I reviewed here the most recent album by Finnish band Alamaailman Vasarat. Following that review, Stakula, the band’s leader, kindly agreed to an interview, offering some insights into the processes behind the music.
Valta is an addition to what by now is a substantial body of work, and Alamaailman Vasarat has established a distinctive sound. Has anything changed on this album compared to previous releases?
The most obvious changes were in the lineup. Before the Valta sessions, our new drummer Santeri Saksala had already performed with the band for a year, much to our enjoyment. The live performances really tightened up and had a whole new level of energy. In the Valta sessions, his knowledge and passion for the drums as instruments made a huge difference to album sound, not forgetting some of the most memorable improvised moments, like in the opening track “Riistomaasiirtäjä”. His contribution has made a huge impact in the overall sound of the band and we’re very happy to have him on board.
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This is the second and concluding part of an interview with Jayne Amara Ross and Frédéric D. Oberland of the Parisian band FareWell Poetry. Read the first part here.
Jayne, are there any moments in the album where the shape the music has taken added something to your sense of the poetry you had written?
Yes definitely, we try to create pieces where each individual element (the poetry, the music, the films) stand alone but work as a whole also. When we have done a good, thorough job every element should enrich the other. It is only when all the mediums align behind the same very precise objective that you get that feeling of something whole, and enveloping. I wouldn’t, however, rely on the music to give meaning to the poetry or the films. Music is able to sublimate and carry meaning but not to impose it. At its best, it can be the wondrous, intoxicating glue that holds everything together. In all my films, including those that I have made outside FareWell Poetry, music is a really important part and I have always shared a privileged dialogue with the musicians that I have worked with. You can also go really wrong when you add music to film, you can easily trip yourself up by making the wrong choices. Having a close relationship with the composer, and learning to communicate in their ‘language’ can help prevent this.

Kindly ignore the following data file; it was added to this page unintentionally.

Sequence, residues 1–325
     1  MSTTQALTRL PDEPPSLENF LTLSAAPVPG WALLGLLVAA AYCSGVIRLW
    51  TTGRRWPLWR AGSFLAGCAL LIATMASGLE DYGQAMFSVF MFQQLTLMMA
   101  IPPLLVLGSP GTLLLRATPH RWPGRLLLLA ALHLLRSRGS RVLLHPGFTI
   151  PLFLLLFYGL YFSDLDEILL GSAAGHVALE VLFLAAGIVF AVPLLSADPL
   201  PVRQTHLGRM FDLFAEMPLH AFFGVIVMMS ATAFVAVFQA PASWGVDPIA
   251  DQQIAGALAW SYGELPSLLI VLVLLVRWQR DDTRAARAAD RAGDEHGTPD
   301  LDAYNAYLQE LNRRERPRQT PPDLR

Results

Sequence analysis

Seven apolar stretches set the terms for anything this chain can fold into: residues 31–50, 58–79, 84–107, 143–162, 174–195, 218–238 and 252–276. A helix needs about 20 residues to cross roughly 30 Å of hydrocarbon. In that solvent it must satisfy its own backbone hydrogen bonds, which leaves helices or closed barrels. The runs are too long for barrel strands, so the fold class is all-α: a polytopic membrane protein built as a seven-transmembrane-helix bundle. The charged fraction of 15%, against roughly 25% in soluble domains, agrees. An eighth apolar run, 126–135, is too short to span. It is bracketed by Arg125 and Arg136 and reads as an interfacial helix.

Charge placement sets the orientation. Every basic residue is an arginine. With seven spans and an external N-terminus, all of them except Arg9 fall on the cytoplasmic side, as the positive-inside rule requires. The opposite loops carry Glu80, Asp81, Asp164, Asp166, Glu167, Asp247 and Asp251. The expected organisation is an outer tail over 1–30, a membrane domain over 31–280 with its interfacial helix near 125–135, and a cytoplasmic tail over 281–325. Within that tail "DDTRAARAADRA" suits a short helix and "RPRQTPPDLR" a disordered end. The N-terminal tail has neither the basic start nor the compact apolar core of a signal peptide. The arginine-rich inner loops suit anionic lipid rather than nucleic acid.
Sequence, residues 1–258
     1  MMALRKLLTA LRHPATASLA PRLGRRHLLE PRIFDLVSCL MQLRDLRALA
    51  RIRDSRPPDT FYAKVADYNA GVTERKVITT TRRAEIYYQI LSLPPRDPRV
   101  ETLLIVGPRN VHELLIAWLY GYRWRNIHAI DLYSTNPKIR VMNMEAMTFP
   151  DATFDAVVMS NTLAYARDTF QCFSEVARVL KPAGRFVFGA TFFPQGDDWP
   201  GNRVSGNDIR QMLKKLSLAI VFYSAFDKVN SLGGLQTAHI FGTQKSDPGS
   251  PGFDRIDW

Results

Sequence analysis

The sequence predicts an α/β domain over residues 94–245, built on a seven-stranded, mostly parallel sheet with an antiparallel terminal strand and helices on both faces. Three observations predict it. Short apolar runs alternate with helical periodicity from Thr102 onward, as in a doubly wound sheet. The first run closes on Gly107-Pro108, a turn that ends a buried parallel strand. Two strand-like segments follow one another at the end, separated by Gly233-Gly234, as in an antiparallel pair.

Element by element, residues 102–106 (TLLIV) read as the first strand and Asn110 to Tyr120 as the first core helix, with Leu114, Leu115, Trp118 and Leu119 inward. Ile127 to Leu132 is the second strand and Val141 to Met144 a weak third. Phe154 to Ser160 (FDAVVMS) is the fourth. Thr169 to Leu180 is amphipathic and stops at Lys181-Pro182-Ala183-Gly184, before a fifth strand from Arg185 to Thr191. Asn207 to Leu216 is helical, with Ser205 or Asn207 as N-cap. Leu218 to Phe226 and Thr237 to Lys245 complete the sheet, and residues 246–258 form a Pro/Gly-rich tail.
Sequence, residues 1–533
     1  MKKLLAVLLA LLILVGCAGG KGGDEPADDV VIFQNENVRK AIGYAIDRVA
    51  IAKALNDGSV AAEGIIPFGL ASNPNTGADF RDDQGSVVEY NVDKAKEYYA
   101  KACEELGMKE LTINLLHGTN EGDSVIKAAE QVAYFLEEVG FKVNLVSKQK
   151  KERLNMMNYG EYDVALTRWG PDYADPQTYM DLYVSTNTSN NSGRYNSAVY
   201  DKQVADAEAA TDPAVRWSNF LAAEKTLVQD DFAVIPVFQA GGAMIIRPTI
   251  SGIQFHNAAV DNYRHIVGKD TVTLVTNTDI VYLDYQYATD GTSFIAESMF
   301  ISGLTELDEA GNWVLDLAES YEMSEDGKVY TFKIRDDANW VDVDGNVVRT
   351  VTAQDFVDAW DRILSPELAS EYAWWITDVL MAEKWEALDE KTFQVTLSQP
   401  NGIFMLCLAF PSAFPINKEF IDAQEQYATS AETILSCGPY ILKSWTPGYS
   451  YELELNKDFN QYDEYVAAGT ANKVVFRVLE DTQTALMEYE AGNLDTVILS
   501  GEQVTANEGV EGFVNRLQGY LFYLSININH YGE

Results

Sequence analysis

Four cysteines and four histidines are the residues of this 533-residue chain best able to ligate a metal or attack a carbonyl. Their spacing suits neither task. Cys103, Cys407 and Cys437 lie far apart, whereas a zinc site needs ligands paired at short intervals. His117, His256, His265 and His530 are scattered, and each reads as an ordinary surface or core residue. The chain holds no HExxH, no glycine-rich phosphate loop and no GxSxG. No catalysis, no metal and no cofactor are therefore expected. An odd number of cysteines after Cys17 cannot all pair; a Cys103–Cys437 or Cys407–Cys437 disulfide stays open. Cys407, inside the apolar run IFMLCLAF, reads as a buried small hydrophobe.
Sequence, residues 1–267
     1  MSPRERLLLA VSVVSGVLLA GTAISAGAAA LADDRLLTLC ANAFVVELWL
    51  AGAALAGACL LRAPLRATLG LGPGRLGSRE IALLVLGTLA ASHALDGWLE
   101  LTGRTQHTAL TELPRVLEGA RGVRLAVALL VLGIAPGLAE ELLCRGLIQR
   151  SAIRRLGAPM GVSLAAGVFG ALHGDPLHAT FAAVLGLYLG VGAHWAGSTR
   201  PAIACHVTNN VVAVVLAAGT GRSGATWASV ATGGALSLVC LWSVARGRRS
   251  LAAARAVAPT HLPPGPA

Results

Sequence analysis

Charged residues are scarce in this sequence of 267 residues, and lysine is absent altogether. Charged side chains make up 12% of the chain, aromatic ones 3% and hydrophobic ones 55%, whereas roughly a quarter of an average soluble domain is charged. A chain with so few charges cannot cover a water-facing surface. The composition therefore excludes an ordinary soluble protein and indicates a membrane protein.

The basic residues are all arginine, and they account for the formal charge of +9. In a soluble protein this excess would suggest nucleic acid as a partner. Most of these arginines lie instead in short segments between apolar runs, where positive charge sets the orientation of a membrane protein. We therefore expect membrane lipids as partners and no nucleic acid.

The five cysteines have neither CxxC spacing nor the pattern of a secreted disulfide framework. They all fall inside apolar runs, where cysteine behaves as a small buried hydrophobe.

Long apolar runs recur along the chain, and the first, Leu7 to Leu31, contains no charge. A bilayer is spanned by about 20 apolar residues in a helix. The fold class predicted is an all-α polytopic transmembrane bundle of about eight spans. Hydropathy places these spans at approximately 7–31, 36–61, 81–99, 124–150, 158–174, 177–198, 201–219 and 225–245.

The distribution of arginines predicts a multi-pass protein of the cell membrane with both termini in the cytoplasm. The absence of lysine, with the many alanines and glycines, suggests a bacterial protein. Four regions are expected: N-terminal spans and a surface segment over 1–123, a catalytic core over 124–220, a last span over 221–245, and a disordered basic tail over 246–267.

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In the closing months of 2011, a new band from Paris called FareWell Poetry leapt from obscurity to a prominent place on various best-of-2011 lists, thanks to their arresting debut album Hoping for the Invisible to Ignite. (Read a review and stream the music here). Weaving together spoken word, a literary narrative backdrop, film, and compelling, slow-burning instrumental soundscapes, the album combined a high-art conceptual seriousness with an accessible musical appeal. It evidenced a capacity to delight and move and fascinate while appealing to the intellect as well as the gut, allowing the listener to be carried away by the guitar crescendos or ponder the poetic allusions or both at once. Jayne Amara Ross composed and performed the poetry and directed the accompanying film. Frédéric D. Oberland (whose recent collaboration with Richard Knox, The Rustle of the Stars, is also excellent), contributes guitar, fender rhodes, piano, harmonium, soundscapes. Stéphane Pigneul on bass, Eat Gas on guitar, Stanislas Grimbert on drums, and Colin JohnCo providing analog electronics complete the line-up. Jayne and Frédéric kindly agreed to talk to us about how the debut album came about, about the band’s creative process, and about plans for the next release.